Parking Signage Regulations

Updated March 23, 2017

Parking signs help control confusion in parking areas. The parking signage instructs individuals on where they can and cannot park. The signage will detail the specifics of who is authorised to park in a certain area or space, such as individuals with disabilities or the CEO of a company. There are regulations for parking signs as to what must and should be displayed on the signs and where the signs must be posted.

Handicap Signage

Businesses are required to have handicap-accessible parking for customers, visitors and employees. Regulations require these signs to detail that designated spaces are for handicapped individuals. This is done by specifically stating Handicap Parking on the signage and by displaying the typical wheelchair logo. Handicap-accessible parking--and signage--must be in areas closest to the building, where the ground is level.

Distance From Fire Hydrant

Each state has regulations about how close a vehicle may be parked to a fire hydrant. For example, that distance is at least 15 feet in Sacramento, California, and Seattle. A sign does not need to be posted near the fire hydrant if red lines are painted, indicating a no-parking area. Those business and companies that do post no-parking signs at their own discretion must place the sign within 5 feet of the fire hydrant, with the words No Parking displayed on the sign.

Parking Signage Specifics

Regulations require that no-parking signage state the distance in which a vehicle is not permitted to be parked. For instance, if you have a danger or hazard area, the sign must state no parking within 100 feet or whatever the desired distance is. If the signage does not indicate the area in which vehicles are not allowed to be parked, there must be more signage posted, blocking the total distance. For instance, you may post no-parking signs throughout the area, showing which areas are restricted from parking. If you do not allow parking at your establishment between certain times or allow it for only certain individuals, that information must be stated on the parking signage. An example would be stating on the sign no parking between the hours of 9 a.m. and 3 p.m. or this space is reserved for the vice president.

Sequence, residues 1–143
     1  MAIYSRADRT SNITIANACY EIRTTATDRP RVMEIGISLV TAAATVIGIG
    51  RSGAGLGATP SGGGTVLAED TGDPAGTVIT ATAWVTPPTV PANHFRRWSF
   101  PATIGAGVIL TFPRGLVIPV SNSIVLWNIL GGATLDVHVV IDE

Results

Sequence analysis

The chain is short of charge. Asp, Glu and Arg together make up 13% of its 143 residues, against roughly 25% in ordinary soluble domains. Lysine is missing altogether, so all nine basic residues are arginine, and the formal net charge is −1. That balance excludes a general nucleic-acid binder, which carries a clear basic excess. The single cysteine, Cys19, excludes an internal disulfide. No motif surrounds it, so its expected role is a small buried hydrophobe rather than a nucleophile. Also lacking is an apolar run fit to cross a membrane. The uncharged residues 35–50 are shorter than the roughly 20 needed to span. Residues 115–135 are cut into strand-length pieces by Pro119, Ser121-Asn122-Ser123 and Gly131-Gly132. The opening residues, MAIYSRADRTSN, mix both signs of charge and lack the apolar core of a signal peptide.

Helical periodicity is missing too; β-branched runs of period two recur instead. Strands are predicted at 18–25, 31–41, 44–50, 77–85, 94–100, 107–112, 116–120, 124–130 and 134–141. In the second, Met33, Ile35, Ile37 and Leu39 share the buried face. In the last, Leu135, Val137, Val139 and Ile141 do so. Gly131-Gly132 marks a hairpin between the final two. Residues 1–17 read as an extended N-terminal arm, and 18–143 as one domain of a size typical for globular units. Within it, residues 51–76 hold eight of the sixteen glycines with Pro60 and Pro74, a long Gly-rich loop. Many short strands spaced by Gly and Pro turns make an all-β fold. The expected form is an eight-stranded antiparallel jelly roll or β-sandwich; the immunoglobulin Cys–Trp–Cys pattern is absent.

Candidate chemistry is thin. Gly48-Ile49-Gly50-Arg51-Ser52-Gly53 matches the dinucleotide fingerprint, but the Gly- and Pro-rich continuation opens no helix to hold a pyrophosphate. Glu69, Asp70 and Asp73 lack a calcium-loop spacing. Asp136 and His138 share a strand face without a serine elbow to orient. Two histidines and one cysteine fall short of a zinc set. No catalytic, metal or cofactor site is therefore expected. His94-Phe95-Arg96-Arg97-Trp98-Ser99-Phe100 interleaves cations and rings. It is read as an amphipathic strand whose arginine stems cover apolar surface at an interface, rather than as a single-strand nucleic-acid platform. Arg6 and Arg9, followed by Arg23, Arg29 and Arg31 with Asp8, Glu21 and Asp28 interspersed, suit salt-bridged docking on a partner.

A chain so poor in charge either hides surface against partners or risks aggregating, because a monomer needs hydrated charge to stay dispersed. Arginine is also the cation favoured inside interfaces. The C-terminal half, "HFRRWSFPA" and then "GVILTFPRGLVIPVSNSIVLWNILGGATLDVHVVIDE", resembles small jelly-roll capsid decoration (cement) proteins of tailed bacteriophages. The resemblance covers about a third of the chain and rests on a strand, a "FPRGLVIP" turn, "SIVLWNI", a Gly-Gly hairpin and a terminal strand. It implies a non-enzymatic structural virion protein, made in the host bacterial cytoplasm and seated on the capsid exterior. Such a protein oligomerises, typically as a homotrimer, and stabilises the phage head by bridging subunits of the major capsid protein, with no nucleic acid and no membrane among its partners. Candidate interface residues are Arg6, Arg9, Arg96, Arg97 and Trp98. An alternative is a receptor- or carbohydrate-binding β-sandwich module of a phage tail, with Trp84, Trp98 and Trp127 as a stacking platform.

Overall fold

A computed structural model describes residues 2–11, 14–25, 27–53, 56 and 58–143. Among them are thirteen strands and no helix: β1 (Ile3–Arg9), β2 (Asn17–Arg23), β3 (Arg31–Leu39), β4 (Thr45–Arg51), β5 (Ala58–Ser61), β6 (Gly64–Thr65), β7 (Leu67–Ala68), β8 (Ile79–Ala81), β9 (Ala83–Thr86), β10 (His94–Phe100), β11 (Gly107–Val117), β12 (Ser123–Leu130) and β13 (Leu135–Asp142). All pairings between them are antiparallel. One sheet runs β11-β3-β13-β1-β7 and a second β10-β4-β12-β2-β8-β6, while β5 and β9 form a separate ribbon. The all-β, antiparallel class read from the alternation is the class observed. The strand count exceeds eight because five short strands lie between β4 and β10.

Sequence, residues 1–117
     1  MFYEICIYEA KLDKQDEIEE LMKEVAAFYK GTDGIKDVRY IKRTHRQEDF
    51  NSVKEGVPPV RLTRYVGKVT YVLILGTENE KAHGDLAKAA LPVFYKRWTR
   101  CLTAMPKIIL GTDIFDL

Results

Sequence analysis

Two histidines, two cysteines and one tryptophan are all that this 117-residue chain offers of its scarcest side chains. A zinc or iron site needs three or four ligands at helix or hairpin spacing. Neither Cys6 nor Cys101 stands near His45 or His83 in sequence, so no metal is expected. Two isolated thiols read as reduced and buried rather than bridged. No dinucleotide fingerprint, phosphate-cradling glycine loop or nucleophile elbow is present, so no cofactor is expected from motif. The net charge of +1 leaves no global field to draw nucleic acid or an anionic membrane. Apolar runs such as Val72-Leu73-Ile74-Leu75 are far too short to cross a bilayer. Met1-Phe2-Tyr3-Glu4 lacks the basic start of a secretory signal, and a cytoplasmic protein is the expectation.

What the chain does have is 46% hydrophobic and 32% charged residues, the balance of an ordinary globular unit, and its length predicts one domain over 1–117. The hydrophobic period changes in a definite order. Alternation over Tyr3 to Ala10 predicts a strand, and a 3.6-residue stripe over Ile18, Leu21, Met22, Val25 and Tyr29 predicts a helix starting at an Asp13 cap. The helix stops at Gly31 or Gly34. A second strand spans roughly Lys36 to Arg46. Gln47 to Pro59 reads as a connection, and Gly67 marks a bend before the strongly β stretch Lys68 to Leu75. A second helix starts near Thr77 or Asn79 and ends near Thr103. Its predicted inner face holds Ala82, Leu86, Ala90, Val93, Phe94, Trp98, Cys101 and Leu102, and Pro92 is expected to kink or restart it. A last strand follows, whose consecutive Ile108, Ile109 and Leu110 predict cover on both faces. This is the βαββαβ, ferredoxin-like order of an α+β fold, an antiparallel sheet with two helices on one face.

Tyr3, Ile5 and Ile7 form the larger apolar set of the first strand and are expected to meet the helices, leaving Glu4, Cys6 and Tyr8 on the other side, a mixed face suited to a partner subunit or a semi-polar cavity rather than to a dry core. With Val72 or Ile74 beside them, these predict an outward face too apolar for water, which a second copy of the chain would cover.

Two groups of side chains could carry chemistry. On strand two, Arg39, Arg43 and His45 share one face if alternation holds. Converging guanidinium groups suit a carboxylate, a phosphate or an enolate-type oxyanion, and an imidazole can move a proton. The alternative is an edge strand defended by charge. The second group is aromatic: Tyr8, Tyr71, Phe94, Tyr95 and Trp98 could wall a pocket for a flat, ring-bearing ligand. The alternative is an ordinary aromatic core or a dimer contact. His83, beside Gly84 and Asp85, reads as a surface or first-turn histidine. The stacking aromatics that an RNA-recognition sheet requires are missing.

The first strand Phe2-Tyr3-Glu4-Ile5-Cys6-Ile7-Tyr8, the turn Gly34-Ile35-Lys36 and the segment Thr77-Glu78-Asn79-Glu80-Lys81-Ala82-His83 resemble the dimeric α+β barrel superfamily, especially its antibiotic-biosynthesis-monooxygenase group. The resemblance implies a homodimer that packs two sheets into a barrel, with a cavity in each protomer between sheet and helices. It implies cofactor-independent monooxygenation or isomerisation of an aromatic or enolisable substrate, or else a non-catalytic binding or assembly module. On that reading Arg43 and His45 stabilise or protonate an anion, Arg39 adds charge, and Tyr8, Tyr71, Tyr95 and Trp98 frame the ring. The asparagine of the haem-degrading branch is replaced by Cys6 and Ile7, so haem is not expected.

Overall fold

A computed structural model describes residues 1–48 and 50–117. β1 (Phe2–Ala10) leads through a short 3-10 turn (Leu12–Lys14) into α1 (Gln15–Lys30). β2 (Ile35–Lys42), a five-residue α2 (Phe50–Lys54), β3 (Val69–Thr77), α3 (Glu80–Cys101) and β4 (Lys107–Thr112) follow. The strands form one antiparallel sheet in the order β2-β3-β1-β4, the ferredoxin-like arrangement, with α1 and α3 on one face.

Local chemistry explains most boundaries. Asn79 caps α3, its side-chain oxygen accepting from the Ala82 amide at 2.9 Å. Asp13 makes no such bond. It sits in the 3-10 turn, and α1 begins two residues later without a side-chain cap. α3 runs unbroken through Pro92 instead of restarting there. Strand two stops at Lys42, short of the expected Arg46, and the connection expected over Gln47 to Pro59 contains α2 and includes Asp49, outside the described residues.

Parking Signage Exemptions

Companies and businesses are not required to post parking signage if they have chosen to paint the area. For instance, red paint means no parking at anytime, blue paint means reserved parking for handicapped individuals and white paint permits parking in that area. The department or bureau of motor vehicles for each state requires everyone who operates a vehicle, motorcycle or other machinery on the road to be tested on parking regulations that include parking signage and these painted parking restrictions. Therefore, if the business has chosen to paint the areas, the drivers are responsible for making sure they are parking in the correct space or area. However, using paint instead of signage does not allow for specific information, such as the hours parking is prohibited.

Violating Parking Signage

In addition to the specifics of where businesses and individuals can post parking signage, there are regulations for the citizens and people who use the parking spaces. If there is a no-parking or unloading-only sign, you must abide by the sign and park elsewhere. Violating the specifics on a sign could result in a driver's license suspension, fines or both.

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About the Author

Taunda Edwards began writing in 1997 and received her bachelor's degree in secondary education from Miami University of Ohio in 2004. In 2005 she pursued her writing career on a full-time basis. Her first novel was published by T.A.D.D. Writes publications. She was a 2006 "Moviemaker Magazine" feature.